More than sixty years ago, William S. Burroughs and Jack Kerouac sat down in New York City to write a novel about the summer of 1944, when one of their friends killed another in a moment of brutal and tragic bloodshed. The two authors were then at the dawn of their careers, having yet to write anything of note. Alternating chapters and narrators, Burroughs and Kerouac pieced together a hard-boiled tale of bohemian New York during World War II, full of drugs and obsession, art and violence. The manuscript, called And the Hippos Were Boiled in Their Tanks after a line from a news story about a fire at a circus, was submitted to publishers but rejected and confined to a filing cabinet for decades. This legendary collaboration between two of the twentieth centuries most influential writers is set to be published for the first time in the fall of 2008. A remarkable, fascinating piece of American literary history, And the Hippos Were Boiled in Their Tanks is also an engrossing, atmospheric novel that brings to life a shocking murder at the dawn of the Beat Generation.
Keenly observed autobiographical fiction and journal entries from acclaimed writer Denton Welch, featuring an introduction by William S. Burroughs "In Youth Is Pleasure" recounts the summer vacation of Orvil Pym--a sensitive, withdrawn, and deeply unhappy boy of fifteen. Following a trying year at public school, Orvil spends the summer with his father and two older brothers. The quotidian events of a seemingly ordinary summer are rendered dazzling by the intensity of adolescence and Welch's gift for human observation. First published in 1945, "In Youth Is Pleasure" is based closely on Welch's own adolescent experiences of solitude and introspection. This volume also includes "I Left My Grandfather's House," an unforgettable account of a walking tour through the British countryside. These two works feature Welch at his autobiographical best.
Delirious, nonlinear ravings of a junkie in hell. Also includes excerpts from the Boston trial where it was declared not obscene in 1966.
William S. Burroughs was one of the twentieth century's most iconoclastic literary and artistic figures, an inimitable writer whose groundbreaking work in novels such as Junky and Naked Lunch forever altered the shape of American culture. Now, in this long anticipated collection, editor Bill Morgan takes readers through Burroughs' correspondence from the early sixties through the mid-seventies, in more than three hundred letters that document Burroughs' steady drift away from the Beat circle and that witness an era in which he became the center of a new coterie of creative people who would establish his reputation as an influential artistic and cultural leader beyond the literary world, toward multimedia. Written to recipients such as Allen Ginsberg, Gregory Corso, Jack Kerouac, Timothy Leary, and Burroughs' son, Billy Burroughs Jr., these letters shed new light on the writer's controversial artistic process and literary experimentation, as well as his complex personal life. Here are letters to new friends in North Africa and Eur-ope-partners in Burroughs' expatriate life-including Paul Bowles, Ian Sommerville, Michael Portman, Alex Trocchi, and the surrealist artist Brion Gysin, who became a close confidant and whose "cut-up method" would deeply influence Burroughs' writing. An intimate glimpse into the private life of an often misunderstood artist, Rub Out the Words is also an unforgettable portrait of one of the twentieth century's most uncompromising literary personalities.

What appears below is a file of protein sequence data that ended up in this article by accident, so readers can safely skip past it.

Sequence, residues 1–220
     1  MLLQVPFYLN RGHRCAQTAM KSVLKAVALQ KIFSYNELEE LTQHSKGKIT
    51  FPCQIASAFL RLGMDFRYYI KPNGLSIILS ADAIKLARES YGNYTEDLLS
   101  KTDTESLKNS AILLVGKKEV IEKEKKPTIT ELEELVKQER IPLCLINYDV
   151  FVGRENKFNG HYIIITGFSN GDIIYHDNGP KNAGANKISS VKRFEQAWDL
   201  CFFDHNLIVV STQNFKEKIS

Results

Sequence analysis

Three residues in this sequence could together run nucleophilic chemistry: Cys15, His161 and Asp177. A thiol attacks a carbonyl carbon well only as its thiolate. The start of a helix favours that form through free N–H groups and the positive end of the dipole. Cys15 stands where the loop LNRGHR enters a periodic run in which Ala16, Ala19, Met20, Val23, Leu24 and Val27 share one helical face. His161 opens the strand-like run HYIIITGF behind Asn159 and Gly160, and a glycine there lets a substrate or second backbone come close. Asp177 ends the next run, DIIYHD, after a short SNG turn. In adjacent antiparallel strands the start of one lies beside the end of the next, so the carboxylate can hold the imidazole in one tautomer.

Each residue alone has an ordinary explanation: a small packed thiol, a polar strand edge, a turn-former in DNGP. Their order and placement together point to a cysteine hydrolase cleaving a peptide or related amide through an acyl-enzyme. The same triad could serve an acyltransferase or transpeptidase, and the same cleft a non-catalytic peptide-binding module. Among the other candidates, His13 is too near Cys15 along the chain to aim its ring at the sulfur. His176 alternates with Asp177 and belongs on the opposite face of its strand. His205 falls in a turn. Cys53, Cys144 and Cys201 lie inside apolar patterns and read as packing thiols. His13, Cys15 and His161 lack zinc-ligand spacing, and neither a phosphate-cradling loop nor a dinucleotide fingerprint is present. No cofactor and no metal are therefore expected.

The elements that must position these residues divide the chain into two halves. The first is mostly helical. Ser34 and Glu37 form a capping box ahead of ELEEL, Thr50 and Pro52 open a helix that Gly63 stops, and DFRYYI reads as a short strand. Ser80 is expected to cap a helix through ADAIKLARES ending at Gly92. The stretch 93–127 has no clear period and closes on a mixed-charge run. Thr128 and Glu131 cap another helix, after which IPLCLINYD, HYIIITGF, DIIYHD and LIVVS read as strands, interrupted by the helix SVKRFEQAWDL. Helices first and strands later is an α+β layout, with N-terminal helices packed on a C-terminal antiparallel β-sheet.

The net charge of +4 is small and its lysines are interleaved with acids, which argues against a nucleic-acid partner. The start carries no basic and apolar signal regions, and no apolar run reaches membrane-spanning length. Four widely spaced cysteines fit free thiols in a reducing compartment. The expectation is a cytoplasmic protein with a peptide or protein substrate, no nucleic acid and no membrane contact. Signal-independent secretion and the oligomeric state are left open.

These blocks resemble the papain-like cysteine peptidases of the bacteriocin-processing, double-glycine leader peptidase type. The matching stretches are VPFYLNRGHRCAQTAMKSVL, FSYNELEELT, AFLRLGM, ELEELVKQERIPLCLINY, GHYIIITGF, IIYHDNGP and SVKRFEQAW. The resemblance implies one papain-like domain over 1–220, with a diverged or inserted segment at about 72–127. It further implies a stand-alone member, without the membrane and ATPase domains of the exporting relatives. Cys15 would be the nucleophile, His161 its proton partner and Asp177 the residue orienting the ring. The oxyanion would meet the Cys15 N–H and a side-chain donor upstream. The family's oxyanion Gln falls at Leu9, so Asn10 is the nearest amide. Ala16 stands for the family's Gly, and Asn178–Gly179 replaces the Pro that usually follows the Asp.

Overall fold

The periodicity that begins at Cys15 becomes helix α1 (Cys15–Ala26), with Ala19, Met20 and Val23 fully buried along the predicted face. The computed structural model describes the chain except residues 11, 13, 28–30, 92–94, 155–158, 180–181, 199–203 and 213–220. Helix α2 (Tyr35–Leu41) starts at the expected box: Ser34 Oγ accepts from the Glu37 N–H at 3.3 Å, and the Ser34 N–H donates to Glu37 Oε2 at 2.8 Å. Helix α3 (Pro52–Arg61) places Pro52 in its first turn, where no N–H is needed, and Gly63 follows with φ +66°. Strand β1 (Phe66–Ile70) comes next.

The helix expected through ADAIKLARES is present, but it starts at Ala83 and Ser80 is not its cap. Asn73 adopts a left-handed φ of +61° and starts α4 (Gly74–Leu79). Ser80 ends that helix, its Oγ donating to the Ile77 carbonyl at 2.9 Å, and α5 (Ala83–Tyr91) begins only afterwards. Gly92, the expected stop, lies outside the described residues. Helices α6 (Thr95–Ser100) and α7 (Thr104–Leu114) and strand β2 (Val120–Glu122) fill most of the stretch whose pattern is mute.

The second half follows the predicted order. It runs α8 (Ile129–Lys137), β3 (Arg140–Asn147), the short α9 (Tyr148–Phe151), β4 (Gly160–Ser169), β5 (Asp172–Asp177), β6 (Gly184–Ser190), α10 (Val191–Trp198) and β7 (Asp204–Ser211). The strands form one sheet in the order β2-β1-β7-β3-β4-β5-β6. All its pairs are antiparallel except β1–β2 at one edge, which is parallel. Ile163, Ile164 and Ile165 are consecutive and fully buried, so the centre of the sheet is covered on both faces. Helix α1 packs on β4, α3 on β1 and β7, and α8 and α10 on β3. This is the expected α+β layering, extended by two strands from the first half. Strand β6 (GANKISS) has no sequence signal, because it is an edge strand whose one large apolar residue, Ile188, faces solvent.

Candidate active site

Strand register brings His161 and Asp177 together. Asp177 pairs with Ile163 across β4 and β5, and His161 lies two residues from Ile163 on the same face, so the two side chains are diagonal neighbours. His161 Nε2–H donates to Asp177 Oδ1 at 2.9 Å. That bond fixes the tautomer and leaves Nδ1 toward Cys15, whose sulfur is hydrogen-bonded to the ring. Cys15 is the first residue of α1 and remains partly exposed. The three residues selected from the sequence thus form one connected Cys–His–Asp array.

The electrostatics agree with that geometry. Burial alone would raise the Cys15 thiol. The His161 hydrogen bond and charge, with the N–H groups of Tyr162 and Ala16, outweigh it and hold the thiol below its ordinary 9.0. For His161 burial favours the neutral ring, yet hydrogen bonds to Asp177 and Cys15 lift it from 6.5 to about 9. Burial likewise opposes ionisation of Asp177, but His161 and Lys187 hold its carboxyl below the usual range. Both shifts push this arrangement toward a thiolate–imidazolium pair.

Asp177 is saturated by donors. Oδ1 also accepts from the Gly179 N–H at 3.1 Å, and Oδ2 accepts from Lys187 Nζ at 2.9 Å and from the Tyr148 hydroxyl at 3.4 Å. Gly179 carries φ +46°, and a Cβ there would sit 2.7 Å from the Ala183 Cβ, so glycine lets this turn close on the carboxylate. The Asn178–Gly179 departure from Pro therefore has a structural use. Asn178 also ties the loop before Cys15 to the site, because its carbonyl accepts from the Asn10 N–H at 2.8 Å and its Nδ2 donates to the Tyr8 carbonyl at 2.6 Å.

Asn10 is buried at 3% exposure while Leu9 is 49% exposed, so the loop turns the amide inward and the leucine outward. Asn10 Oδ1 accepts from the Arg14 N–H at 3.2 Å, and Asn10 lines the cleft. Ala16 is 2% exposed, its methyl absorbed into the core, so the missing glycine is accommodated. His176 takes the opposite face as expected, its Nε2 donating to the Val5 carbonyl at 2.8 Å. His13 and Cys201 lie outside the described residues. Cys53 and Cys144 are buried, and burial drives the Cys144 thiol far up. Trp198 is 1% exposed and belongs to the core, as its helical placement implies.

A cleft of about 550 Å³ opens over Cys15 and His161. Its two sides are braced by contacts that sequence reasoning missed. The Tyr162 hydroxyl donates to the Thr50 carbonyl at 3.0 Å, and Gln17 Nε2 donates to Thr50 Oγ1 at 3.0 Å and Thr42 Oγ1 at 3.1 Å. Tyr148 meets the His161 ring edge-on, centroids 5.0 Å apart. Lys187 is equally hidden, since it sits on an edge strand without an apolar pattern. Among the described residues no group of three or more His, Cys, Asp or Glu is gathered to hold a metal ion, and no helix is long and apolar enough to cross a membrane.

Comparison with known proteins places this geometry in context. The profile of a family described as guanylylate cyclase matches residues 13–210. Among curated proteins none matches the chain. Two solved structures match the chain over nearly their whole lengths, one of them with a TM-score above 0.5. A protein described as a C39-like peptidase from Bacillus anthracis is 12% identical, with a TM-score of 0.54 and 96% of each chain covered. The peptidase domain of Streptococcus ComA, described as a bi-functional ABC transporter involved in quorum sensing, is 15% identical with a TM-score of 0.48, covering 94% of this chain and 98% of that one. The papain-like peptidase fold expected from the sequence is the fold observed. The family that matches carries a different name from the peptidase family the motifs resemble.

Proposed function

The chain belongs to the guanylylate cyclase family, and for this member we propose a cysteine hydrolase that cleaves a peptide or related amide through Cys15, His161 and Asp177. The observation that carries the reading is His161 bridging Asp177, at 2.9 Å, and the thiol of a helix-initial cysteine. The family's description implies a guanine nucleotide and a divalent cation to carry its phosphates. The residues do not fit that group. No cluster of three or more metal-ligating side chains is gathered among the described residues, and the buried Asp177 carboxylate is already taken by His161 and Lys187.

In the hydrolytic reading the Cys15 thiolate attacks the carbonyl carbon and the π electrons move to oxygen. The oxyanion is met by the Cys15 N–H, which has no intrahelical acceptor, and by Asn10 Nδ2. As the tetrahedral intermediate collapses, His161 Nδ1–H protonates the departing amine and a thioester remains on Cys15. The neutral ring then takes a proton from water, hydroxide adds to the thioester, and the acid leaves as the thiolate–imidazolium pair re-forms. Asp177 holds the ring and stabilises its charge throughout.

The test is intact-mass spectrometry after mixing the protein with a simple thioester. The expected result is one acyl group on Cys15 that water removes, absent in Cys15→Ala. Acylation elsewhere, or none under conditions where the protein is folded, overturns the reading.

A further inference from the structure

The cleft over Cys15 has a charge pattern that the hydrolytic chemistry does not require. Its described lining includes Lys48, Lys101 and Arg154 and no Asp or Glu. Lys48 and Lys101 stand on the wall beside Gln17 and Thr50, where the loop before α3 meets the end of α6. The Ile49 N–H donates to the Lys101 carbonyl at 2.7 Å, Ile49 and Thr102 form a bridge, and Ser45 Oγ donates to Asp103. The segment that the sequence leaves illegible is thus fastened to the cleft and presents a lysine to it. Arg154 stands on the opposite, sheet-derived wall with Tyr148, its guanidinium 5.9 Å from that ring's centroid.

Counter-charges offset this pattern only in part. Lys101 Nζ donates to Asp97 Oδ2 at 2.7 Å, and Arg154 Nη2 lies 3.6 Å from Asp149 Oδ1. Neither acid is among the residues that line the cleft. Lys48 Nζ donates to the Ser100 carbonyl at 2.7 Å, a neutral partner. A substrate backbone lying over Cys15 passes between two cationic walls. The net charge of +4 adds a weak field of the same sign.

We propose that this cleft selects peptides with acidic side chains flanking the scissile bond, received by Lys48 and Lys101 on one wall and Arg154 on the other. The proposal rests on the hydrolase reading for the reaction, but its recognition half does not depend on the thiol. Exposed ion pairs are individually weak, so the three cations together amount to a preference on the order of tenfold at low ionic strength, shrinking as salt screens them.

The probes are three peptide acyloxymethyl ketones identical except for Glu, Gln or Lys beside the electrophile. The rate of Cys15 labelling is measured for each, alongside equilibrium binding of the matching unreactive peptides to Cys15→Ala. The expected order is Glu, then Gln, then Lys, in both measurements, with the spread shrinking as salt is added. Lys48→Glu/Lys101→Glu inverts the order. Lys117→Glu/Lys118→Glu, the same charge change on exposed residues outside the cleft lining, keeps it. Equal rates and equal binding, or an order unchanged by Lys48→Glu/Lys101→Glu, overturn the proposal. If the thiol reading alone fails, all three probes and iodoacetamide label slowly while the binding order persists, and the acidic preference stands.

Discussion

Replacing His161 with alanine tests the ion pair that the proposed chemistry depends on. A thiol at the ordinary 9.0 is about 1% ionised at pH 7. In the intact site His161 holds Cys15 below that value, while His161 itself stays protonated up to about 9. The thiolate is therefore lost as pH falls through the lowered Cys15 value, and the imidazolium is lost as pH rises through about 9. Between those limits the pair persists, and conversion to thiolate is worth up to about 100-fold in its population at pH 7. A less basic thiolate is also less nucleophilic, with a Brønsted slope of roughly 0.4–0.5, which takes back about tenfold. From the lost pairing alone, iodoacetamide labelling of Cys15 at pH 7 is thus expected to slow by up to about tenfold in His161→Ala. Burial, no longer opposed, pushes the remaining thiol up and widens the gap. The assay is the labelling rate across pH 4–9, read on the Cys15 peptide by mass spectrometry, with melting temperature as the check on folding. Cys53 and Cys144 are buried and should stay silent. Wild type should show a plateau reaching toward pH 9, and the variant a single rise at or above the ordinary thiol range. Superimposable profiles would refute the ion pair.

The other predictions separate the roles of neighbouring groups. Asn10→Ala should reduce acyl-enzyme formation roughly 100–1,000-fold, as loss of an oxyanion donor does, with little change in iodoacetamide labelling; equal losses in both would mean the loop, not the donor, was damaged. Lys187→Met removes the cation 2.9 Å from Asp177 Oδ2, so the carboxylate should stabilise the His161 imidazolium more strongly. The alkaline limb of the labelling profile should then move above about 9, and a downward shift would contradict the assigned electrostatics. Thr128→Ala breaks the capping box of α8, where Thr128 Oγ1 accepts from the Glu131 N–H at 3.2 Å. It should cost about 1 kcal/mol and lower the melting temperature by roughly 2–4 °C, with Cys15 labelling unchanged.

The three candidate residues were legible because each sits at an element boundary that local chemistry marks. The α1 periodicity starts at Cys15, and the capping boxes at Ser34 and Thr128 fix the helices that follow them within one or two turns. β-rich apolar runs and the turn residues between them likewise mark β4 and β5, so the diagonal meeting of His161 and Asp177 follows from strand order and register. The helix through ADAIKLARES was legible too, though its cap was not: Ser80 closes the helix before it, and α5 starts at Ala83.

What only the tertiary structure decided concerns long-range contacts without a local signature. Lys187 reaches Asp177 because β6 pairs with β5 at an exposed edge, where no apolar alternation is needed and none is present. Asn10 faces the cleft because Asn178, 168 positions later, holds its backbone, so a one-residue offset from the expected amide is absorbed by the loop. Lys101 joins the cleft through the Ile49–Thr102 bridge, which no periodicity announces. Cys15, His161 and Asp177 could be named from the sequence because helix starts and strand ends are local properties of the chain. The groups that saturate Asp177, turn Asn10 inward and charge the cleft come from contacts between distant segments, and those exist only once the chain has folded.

Two counterculture novels in one volume. Two shattering autobiographical novels offer a vision of alienated youth at its most raw and uncensored. "A compelling narrative that balances the methedrine horrors with the outcast's romantic search for identity."--Rolling Stone.
Author Burroughs' son, who died at of the age of 34, penned two shattering autobiographical novels which offer his vision of alienated youth at its most raw and uncensored. "A compelling narrative that balances the methedrine horrors with the outcast's romantic search for identity."--Rolling Stone.
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